Aaron Dean, a white former Fort Worth police officer, was arrested for Atatiana Jefferson’s murder. That does not change the fact that the 28-year-old black woman never should have been shot dead through her bedroom window.
Responding to an early Saturday call from a worried neighbor, Dean and his partner made a wellness check. Hearing someone moving outside, Jefferson did what any of us would have done — she went to the window. According to body cam video, Dean never identified himself as an officer. There’s no indication that he knocked on the front door, which was open. Within four seconds of barking commands, he fired a fatal shot through the glass.
Jefferson had been playing video games with her 8-year-old nephew, who witnessed his aunt’s murder.
Another black life ends because another police officer decided it did not matter. A city in Texas mourns, and many others nationwide struggle to make sense of an act beyond comprehension.
And so we find ourselves in this painfully familiar place again. Jefferson’s name is added to a soul-rending list without end: Michael Brown. Tamir Rice. John Crawford. Rekia Boyd. Philando Castile. Terence Crutcher. Walter Scott. Sandra Bland, and more names than our memories should have to carry.
At a news conference, Fort Worth’s police chief Edwin Kraus said, “We’re trying to train our officers better, we’re trying to shore up our policies, and we’re trying to ensure they act and react the way that the citizens intend them to, that they act and react with a servant’s heart instead of a warrior’s heart.”
Or a warrior’s fury. How else does a woman end up dead, shot by the same officer sent to check on her well-being?
This is exactly why people of color feel uneasy, even at risk, around the police. It doesn’t matter where we are. We know our innocence will not protect us from a cop’s perceived threat, which seems to heighten at the sight of any black or brown person.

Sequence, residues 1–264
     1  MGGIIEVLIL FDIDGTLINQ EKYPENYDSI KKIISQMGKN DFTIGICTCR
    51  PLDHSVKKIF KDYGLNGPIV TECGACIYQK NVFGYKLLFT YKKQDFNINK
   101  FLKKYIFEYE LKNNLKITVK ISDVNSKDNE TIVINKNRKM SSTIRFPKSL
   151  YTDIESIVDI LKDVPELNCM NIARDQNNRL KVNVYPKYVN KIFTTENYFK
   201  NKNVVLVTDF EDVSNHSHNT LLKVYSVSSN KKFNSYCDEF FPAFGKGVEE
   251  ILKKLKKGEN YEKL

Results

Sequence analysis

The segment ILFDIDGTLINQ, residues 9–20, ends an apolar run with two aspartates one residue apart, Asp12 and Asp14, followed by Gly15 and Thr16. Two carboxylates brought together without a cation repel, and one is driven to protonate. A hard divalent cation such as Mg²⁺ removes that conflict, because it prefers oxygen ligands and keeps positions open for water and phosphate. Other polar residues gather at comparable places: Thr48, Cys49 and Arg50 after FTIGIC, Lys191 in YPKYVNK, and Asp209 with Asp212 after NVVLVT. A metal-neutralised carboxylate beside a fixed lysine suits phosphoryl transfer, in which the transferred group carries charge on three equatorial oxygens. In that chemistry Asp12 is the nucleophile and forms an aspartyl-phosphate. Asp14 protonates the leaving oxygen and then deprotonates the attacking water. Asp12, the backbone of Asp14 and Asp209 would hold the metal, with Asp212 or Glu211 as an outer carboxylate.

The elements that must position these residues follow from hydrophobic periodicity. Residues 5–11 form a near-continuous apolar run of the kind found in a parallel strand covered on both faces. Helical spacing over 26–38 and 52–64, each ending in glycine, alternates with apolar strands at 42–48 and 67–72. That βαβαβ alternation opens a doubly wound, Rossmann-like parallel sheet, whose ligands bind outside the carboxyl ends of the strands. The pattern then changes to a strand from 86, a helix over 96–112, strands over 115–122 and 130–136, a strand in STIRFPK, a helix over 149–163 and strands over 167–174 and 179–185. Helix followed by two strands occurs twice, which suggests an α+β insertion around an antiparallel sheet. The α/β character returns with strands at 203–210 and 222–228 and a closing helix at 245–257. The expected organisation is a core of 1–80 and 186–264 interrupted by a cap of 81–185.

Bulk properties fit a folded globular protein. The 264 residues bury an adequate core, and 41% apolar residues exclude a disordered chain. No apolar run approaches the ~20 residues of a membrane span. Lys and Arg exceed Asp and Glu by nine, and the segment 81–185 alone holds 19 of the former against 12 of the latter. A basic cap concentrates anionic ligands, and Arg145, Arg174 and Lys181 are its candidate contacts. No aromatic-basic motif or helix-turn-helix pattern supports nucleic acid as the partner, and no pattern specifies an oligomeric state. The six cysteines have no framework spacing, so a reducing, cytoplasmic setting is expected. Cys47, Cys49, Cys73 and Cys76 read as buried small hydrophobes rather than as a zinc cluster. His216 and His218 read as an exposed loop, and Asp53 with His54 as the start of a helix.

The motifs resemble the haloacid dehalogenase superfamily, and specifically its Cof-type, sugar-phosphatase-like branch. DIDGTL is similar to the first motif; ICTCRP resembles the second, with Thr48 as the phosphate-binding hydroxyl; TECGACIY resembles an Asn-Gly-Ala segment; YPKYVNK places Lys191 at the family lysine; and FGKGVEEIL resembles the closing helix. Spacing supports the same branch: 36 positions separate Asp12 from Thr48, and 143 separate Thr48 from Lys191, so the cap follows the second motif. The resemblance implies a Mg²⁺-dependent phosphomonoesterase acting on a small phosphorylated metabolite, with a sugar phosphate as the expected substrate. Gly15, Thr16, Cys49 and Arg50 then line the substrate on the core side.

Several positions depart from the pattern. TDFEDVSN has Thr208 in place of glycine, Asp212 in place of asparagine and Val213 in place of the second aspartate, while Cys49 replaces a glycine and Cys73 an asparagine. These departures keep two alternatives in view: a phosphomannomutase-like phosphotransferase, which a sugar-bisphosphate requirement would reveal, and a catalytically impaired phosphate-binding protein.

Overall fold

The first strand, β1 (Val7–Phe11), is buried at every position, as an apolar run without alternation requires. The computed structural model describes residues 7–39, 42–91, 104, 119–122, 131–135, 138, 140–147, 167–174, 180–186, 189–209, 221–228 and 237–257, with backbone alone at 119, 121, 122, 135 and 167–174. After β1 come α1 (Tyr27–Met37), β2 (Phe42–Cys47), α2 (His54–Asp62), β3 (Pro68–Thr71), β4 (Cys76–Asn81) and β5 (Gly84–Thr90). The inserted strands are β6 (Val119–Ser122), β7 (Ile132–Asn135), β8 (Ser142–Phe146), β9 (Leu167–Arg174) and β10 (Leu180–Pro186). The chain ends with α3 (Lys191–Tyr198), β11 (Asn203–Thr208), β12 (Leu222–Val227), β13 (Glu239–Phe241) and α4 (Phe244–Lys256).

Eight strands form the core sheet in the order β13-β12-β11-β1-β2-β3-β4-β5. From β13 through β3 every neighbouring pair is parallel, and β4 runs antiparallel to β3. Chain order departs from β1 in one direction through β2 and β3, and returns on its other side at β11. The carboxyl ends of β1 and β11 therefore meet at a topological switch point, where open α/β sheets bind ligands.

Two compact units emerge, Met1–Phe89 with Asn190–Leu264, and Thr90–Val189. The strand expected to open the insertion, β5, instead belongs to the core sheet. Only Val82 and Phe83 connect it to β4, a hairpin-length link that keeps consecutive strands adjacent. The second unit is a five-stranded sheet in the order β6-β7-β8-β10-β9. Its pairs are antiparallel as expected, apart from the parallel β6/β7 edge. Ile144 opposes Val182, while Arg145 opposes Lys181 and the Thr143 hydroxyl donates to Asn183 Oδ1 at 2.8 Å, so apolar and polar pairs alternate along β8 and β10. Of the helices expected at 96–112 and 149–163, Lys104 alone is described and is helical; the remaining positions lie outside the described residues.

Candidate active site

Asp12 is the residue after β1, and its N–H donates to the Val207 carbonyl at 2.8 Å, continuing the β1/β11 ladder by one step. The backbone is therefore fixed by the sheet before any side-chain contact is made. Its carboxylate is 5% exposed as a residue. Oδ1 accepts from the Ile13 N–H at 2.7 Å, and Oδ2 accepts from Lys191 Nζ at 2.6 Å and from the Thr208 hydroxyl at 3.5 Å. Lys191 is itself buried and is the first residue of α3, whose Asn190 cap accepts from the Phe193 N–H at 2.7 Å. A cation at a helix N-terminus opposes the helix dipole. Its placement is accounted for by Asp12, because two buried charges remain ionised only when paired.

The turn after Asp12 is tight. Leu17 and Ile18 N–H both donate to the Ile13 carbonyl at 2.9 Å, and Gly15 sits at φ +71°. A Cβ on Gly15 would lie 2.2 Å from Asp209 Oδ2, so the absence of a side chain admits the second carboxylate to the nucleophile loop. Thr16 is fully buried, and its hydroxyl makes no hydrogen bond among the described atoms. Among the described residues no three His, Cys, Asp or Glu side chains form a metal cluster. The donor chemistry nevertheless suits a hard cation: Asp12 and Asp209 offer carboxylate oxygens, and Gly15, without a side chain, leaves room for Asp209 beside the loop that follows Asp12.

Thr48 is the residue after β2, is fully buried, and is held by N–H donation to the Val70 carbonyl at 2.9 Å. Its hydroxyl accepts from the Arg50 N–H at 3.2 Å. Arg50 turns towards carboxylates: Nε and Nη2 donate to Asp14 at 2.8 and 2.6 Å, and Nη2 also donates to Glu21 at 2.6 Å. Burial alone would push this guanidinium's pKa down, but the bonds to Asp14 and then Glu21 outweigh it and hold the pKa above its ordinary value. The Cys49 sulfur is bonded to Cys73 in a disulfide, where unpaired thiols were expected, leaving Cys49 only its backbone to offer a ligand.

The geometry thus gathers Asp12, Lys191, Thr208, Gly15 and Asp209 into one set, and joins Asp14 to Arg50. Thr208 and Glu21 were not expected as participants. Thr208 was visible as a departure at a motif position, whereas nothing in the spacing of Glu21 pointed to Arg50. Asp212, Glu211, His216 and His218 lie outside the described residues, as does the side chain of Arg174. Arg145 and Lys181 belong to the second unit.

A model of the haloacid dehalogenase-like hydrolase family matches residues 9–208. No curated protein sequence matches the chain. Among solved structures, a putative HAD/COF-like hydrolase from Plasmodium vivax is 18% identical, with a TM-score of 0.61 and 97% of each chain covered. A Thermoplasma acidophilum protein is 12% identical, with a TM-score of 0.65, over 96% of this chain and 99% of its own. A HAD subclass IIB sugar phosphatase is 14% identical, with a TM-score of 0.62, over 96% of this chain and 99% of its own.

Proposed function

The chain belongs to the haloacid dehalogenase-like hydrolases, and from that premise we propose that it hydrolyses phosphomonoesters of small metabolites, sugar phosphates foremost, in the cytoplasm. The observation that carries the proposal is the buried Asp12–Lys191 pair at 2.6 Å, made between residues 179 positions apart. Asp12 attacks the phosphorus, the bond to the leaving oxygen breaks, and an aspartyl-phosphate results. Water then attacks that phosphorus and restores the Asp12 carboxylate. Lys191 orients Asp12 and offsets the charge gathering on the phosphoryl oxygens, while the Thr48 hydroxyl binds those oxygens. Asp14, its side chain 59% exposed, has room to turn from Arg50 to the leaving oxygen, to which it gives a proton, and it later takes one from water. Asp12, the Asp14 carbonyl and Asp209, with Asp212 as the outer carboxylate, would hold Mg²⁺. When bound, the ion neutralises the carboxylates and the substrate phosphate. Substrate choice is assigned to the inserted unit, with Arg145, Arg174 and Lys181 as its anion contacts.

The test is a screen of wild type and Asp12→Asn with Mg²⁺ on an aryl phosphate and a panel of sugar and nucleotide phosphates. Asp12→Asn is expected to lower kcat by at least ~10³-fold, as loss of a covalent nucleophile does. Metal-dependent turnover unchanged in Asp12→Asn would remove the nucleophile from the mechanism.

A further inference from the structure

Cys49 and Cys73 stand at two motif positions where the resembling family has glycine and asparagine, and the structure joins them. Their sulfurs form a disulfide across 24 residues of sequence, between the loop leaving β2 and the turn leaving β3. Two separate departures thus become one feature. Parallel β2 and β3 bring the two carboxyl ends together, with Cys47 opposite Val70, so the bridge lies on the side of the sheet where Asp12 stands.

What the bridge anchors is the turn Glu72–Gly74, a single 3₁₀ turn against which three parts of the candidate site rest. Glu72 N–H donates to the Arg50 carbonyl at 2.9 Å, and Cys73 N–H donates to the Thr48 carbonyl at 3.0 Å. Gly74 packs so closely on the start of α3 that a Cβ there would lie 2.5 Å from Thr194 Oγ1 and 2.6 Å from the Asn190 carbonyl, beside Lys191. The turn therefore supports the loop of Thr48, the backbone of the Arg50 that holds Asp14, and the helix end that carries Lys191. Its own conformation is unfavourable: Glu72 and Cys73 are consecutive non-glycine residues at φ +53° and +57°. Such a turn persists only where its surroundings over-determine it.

A few weeks ago, my girlfriend accidentally triggered our home alarm. Although she quickly deactivated it and called the security company to report that everything was fine, the cops were still dispatched — one at the front door, one at the back. When one asked for proof of residency, I ran, probably too fast, to retrieve my wallet. With every step, I wondered whether they might perceive my sudden movement as a threat.
They did not. Even after the officers left, I couldn’t shake the fear that, had the officers responded differently, the home alarm we’d installed to keep us safe might have cost us our lives.
It wasn’t always that way. Growing up, I feared nuns from the local Catholic school more than the cops from the local precinct. I did not yet know about the history of American police departments as the foot soldiers of white supremacy. “Peace officers,” as they were more commonly known in those days, regularly visited my school to talk with us about their jobs and how they saw themselves as members of the community whose function it was to protect the neighborhood.
My attitude changed as cops evolved from peace officers to law enforcement officers.
Now, too many officers seem to subsist on the ready knowledge that, if they say they feared for their lives, they can kill with impunity. Amber Guyger’s murder conviction for shooting Botham Jean after she illegally entered his Dallas apartment, is an outlier; since 2005, only 35 out of 98 police officers have been convicted for on-duty fatal shootings, more often for manslaughter or negligent homicide, not murder.
More common is the not-guilty verdict Robert Olsen got Monday. A white former Georgia cop, Olsen killed Anthony Hill, a black Afghanistan war veteran with a history of mental illness who, when he was shot, was naked and unarmed.
Even with Dean’s arrest, there’s no way to tell if a jury will believe that a woman in a room with her young nephew posed enough of a threat for Dean, who ignored even the most basic protocol, to fire his weapon.
What I already know is that I ache for my cousin’s 19-year-old son who, coming of age in an era of social media and police violence, worries about becoming a hashtag. I want to offer comfort. Yet I don’t have the heart to lie to a kid who saw the news when Eric Garner was choked to death by a police officer in 2014 — the fact is, this nation will never alleviate his fears or value the sanctity of our black lives in the streets or in our homes.Renée Graham can be reached at email@example.com. Follow her on Twitter @reneeygraham.